Colleen Hoover, REMINDERS OF HIM

Colleen Hoover, REMINDERS OF HIM

“Every single time I sit down and write a book, I feel like I have no idea what I’m doing.” Colleen Hoover, the New York Times-bestselling author of twenty-two novels, joins Zibby to discuss her latest book, Reminders of Him. Colleen shares how she’s adopted her sense imposter as part of the writing process, her reaction to the renewal of interest in her backlist, and what she’s done to make sure writing has never felt like a job.


Zibby Owens: Welcome, Colleen. Thank you so much for coming on “Moms Don’t Have Time to Read Books” to discuss Reminders of Him.

Colleen Hoover: Thank you for having me. I’m so excited to be here.

Zibby: I absolutely loved this book. I read it over the Christmas holidays. It was so immersive and amazing and emotional. I couldn’t wait to see what happens. Colleen, tell listeners what this book is about. What inspired you to write it?

Colleen: Reminders of Him is about a woman named Kenna. She has had a really difficult past, not a lot of people or support in her life. She made a mistake. While she was paying for that mistake in prison, other family members, not her family members, but they were raising her daughter. When she gets out, she wants to reconnect with that child. It’s not as easy as she was hoping it would be. The book is about her journey there. I honestly don’t remember what inspired it. 2020 was such a year that I kind of feel like I wrote this book from the emotions of 2020. It’s a sad book. It’s not very humorous at all. It is definitely kind of a dark journey to get to the happy ending.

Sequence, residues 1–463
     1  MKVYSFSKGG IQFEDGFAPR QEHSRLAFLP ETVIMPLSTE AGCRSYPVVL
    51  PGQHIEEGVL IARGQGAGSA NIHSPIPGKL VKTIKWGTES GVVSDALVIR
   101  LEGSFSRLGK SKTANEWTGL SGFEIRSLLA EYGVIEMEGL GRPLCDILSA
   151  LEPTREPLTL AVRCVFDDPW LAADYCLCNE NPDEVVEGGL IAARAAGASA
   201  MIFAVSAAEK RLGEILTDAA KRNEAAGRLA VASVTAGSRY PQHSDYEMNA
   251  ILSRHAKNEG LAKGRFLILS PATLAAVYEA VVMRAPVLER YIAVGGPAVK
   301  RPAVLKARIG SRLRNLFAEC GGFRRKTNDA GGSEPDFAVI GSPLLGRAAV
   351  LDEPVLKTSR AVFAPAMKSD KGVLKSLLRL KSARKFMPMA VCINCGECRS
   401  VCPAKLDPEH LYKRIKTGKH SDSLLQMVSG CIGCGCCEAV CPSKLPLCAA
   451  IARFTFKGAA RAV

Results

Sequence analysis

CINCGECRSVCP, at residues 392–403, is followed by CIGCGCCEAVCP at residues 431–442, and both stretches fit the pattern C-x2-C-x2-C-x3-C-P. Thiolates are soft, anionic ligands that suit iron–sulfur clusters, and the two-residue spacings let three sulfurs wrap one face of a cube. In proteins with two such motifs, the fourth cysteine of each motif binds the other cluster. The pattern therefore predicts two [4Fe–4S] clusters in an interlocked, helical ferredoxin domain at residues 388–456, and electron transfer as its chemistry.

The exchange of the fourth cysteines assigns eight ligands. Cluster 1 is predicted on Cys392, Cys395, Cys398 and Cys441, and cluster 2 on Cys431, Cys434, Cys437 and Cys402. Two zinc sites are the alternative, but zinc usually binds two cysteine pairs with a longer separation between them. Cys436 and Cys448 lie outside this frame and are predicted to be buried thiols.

Zibby: Wow. I have to say, the — this is such a mom-life podcast, essentially. Sorry for the slamming doors. The physical relationship with Kenna — can I even say this? Does this give anything away?

Colleen: I don’t think there’s a lot of spoilers in this book. There’s not really any twists.

Zibby: Her relationship with Ledger, which starts early, is so hot and heavy. The way you write about the physical emotions and all of it, tell me about writing about all of that. Do you get embarrassed? What does that feel like? How do you create that sense of tension on the page?

Colleen: I really don’t enjoy writing the hot-and-heavy scenes. They’re probably the scenes that I go over the least as I edit. I like angst. I like the connection between characters. The actual act itself is my least-favorite part to write. With Ledger and Kenna, I wanted them to meet without knowledge of their past or anything that’s going on so they could form that connection without the judgm. I think that helped create the angst throughout the book.